|Namesake:||City of Mildura, Victoria|
|Builder:||Morts Dock & Engineering Co in Sydney|
|Laid down:||23 September 1940|
|Launched:||15 March 1941|
|Commissioned:||23 July 1941|
|Decommissioned:||21 May 1948|
|Recommissioned:||20 February 1951|
|Decommissioned:||11 September 1953|
Training ship (1951-1953)|
Immobilised training hulk (1954-1965)
|Fate:||Sold for scrap in 1965|
|Class and type:||Bathurst class corvette|
|Displacement:||650 tons (standard), 1,025 tons (full war load)|
|Length:||186 ft (57 m)|
|Beam:||31 ft (9.4 m)|
|Draught:||8.5 ft (2.6 m)|
|Propulsion:||triple expansion engine, 2 shafts|
|Speed:||15 knots (28 km/h) at 1,750 hp|
|Armament:||1 x 4-inch HA gun, 3 x Oerlikons (later 2), 1 x Bofors (installed later), Machine guns, Depth charges chutes and throwers|
HMAS Mildura (J207/M207), named for the city of Mildura, Victoria, was one of 60 Bathurst class corvettes constructed during World War II, and one of 36 initially manned and commissioned by the Royal Australian Navy (RAN).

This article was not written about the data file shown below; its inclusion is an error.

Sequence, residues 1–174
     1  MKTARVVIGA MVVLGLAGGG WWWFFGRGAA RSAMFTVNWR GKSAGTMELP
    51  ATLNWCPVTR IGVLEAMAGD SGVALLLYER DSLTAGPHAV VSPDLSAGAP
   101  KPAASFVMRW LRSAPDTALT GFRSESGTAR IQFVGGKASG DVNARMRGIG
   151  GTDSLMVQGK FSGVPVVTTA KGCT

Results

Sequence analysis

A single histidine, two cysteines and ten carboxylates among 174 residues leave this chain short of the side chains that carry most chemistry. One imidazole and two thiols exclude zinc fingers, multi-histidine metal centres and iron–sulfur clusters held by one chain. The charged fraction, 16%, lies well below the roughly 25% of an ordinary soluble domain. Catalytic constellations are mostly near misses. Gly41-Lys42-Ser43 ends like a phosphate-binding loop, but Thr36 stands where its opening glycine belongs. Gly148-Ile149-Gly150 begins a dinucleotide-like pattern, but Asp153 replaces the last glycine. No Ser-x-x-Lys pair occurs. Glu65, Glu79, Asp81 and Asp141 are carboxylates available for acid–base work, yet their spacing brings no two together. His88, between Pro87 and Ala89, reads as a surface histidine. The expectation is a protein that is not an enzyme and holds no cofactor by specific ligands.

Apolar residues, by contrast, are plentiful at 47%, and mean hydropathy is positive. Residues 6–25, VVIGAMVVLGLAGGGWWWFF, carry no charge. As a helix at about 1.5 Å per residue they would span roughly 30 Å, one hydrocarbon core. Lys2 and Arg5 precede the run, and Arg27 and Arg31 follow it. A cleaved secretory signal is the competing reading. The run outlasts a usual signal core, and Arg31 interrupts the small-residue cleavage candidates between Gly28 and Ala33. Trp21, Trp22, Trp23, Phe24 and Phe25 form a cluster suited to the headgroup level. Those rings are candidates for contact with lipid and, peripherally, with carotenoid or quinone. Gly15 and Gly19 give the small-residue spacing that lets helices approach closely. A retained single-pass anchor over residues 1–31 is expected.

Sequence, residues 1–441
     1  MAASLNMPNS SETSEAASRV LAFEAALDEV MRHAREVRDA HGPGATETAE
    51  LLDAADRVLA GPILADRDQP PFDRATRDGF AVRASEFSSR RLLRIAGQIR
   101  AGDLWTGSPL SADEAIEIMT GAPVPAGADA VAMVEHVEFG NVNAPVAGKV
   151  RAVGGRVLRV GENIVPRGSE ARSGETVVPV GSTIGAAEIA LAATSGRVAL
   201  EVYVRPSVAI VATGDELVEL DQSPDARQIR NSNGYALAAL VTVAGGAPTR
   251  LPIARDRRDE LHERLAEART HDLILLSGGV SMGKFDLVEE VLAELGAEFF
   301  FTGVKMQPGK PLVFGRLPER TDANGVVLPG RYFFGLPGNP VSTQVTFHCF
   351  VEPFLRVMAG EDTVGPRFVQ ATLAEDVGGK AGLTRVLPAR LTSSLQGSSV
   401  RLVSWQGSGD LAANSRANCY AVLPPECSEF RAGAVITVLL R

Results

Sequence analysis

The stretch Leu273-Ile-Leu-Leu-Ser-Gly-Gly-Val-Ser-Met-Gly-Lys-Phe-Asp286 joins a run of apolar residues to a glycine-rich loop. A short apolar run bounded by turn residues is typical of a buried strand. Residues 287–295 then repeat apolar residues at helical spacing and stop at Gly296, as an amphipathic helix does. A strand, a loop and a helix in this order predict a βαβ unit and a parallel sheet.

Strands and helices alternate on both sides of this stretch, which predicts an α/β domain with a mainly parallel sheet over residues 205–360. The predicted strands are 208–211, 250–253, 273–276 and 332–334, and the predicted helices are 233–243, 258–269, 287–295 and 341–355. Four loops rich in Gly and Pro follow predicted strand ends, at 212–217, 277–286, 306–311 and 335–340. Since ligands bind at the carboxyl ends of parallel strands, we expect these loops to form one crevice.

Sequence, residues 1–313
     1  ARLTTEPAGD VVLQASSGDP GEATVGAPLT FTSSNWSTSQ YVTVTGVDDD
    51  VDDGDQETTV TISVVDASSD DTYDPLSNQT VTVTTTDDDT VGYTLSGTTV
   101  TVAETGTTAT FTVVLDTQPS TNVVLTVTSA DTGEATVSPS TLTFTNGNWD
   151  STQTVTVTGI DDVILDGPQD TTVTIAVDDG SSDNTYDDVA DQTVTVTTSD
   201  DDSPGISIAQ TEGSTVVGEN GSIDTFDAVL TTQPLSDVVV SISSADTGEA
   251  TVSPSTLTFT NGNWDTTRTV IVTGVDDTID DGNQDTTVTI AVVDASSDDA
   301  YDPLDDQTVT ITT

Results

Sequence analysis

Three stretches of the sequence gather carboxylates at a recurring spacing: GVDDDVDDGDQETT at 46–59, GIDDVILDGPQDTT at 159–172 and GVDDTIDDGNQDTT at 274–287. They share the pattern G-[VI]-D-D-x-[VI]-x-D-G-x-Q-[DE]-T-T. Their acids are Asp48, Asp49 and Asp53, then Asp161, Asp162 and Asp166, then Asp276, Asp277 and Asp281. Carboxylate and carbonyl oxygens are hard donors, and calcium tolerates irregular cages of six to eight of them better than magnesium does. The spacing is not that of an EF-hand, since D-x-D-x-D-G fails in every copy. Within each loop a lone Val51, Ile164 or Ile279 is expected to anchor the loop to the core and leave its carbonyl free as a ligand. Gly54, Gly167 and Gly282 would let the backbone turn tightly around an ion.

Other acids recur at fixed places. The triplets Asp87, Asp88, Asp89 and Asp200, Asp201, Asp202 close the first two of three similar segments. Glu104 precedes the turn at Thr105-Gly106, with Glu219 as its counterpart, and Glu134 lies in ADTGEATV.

Mildura was laid down by Morts Dock & Engineering Co in Sydney on 23 September 1940. She was launched on 15 March 1941 by Mrs J. Durnford, the wife of the Second Naval Member, and commissioned on 23 July 1941.
In August 1945, the ship was the first Allied vessel to enter Hong Kong. She swept for mines that allowed the Allied fleet to safely enter for the official Japanese surrender.
Mildura was paid off to reserve at Fremantle, Western Australia on 21 May 1948 but was recommissioned on 20 February 1951 for use as a training ship for National Service trainees. Mildura paid off again at Melbourne on 11 September 1953, arrived at Brisbane under tow on 8 December 1954 where she served as an immobilised reserve training ship. Mildura was sold for scrap to Brisbane Non-Ferrous on 8 September 1965.
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